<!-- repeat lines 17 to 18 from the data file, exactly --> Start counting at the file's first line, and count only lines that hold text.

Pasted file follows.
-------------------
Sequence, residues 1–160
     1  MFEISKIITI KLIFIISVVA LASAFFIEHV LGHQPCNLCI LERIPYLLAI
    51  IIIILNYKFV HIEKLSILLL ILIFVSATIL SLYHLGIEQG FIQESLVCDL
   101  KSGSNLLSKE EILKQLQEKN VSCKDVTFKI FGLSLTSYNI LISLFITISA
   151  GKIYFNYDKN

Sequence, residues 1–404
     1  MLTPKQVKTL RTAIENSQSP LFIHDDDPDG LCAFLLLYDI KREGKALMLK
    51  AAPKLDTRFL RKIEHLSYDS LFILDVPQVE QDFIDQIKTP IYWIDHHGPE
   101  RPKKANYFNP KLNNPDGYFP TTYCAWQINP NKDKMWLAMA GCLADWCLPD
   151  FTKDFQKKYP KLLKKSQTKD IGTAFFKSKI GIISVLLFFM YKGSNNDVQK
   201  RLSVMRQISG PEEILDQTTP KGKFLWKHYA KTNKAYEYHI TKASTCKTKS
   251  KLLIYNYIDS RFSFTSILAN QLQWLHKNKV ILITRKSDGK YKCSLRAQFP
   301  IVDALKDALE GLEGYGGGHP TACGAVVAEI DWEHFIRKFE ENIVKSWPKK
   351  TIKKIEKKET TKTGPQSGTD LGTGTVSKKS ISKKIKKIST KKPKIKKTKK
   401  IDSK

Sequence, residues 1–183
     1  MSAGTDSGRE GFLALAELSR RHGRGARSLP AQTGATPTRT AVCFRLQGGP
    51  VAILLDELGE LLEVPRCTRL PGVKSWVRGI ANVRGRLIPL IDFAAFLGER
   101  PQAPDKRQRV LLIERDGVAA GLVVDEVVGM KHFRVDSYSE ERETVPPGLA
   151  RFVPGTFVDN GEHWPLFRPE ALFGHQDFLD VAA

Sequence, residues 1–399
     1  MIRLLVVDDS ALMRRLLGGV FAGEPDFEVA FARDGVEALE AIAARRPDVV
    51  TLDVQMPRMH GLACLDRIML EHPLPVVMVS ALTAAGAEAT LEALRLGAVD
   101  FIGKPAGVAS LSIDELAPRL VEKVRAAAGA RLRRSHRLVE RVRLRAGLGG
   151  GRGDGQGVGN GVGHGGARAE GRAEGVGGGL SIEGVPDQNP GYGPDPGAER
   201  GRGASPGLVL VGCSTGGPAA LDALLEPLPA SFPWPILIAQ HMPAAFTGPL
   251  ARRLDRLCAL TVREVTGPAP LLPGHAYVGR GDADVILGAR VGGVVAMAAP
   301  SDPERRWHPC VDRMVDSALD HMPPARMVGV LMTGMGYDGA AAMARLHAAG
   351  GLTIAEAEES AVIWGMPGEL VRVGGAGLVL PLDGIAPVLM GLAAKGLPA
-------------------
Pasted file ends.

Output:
     1  MSAGTDSGRE GFLALAELSR RHGRGARSLP AQTGATPTRT AVCFRLQGGP
    51  VAILLDELGE LLEVPRCTRL PGVKSWVRGI ANVRGRLIPL IDFAAFLGER